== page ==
The Arab League reported on July 14 that Home Minister LK Advani’s recently pledged support for increased nuclear cooperation between Israel and India will have a detrimental effect upon the Arab world. The Arab League also reported that Israel sold India a border surveillance system.

Oman Foreign Minister Yusuf bin Alayui Abdullah visited India from July 17-18 to work out “modalities for implementation” of a US$1 billion joint fertilizer project to be built in Oman and which the Indian government recently approved.

7. Foreign Relations: US

The Hindu reported on comments by Paul Wolfowitz, Dean of the School of Advanced International Studies at Johns Hopkins University and foreign policy advisor to George W. Bush. Wolfowitz argued that the US should seek to guide competition in South Asia using arms control agreements rather than an excessive focus on testing. He made other recommendations that focus on strengthening a bilateral relationship with India rather than using India as a “card” against the PRC.


Pakistan

1. Military Exercises

The Pakistan Navy conducted its annual war-games this week, which Chief Executive Pervez Musharraf said would help Pakistan evaluate the maritime threats faced by Pakistan and assess the Navy’s goals and development plans in this context.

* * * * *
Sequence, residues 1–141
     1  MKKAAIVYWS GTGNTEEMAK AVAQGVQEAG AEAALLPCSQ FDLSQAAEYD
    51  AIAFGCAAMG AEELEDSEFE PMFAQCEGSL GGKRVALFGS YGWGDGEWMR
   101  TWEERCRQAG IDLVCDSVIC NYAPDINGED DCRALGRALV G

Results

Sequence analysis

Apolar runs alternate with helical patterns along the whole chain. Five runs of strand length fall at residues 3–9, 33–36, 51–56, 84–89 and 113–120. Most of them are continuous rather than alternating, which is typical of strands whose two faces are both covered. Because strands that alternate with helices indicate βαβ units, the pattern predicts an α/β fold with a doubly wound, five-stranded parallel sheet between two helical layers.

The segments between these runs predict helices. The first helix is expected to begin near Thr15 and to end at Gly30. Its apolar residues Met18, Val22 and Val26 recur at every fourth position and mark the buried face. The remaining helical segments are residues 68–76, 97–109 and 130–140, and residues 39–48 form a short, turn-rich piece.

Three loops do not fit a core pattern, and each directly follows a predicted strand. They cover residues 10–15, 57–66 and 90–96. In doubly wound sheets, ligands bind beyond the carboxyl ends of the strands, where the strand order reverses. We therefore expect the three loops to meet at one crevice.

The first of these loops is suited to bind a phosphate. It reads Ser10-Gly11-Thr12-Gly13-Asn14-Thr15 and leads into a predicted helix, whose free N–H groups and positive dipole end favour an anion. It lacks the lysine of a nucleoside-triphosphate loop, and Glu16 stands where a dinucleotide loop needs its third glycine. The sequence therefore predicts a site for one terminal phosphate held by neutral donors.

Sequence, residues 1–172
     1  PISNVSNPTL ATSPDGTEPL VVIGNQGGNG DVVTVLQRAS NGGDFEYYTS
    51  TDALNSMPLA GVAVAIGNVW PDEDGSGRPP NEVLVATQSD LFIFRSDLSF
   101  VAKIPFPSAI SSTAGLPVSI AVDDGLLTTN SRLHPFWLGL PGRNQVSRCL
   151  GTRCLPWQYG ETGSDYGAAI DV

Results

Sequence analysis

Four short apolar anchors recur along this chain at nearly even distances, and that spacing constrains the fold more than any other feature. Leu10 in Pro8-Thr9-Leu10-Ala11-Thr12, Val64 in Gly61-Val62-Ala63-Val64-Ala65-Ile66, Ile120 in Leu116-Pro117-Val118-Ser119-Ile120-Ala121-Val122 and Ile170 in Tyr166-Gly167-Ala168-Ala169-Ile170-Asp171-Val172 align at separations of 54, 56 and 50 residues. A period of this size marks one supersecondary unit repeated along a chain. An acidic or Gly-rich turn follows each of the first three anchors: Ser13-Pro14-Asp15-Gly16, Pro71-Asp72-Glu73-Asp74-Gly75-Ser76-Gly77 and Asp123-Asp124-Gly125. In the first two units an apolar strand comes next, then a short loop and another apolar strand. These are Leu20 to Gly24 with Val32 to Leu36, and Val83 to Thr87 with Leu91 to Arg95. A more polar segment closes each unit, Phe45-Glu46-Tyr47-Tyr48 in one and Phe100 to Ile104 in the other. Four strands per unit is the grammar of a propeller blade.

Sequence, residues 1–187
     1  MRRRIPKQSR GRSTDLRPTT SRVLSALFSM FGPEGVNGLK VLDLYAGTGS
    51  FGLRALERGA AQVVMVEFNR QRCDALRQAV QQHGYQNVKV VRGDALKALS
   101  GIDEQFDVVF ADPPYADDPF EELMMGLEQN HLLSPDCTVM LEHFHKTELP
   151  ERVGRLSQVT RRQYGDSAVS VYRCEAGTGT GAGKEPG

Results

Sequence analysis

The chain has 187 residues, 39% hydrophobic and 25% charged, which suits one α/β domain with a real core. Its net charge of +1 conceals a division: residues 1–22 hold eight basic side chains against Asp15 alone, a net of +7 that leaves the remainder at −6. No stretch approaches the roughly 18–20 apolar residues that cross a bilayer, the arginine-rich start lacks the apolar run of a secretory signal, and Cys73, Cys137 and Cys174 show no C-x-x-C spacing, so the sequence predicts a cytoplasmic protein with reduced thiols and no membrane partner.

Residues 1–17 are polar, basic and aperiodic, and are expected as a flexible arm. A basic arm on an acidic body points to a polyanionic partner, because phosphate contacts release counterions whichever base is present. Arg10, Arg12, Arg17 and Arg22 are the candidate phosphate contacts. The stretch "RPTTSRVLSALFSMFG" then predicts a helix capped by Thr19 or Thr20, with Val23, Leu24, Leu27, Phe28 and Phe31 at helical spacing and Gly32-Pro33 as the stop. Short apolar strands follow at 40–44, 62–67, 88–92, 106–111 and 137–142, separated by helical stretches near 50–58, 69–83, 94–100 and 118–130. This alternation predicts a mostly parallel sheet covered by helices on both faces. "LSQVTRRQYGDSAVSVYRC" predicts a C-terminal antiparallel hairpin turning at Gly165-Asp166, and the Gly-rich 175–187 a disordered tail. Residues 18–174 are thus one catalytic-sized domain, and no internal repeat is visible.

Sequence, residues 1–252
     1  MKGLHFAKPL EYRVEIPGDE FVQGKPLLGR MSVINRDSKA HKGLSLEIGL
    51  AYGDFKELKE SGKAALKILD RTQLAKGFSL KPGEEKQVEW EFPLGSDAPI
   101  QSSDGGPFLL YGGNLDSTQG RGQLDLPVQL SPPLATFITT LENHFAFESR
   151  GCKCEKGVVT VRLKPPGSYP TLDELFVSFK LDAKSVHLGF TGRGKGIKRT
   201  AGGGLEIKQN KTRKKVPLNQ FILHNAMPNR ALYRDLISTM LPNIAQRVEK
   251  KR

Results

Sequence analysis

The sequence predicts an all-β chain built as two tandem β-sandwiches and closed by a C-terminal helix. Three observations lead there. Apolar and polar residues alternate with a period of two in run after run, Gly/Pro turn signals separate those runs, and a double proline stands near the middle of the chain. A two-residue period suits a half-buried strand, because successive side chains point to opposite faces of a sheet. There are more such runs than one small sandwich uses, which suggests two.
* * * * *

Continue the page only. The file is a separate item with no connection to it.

2. Military Government

Pakistan Federal Information Minister Javed Jabbar, referring to amendments that Chief Executive Pervez Musharraf may add to the constitution, said, “there is no move to replace the Parliamentary form of government in the country with a Presidential system.”

Under pressure from orthodox Muslim clergy, Pakistan Chief Executive Pervez Musharraf has restored the Islamic provisions of the constitution removed at the time of the coup.


Kashmir

1. Overview

The Indian Army returned to Pakistan the body of sepoy Karamat Hussain Shah, one of the three Pakistani soldiers who were shot by the Indian Army in Jammu last week. The other two bodies were retrieved by Pakistani soldiers at the time of the incident.

The foreign ministers of the G-8, meeting in Tokyo, asked India and Pakistan to resume dialogue and avoid any actions that could destabilize the region. They also asked India and Pakistan to assist international efforts to strengthen the nuclear non-proliferation regime.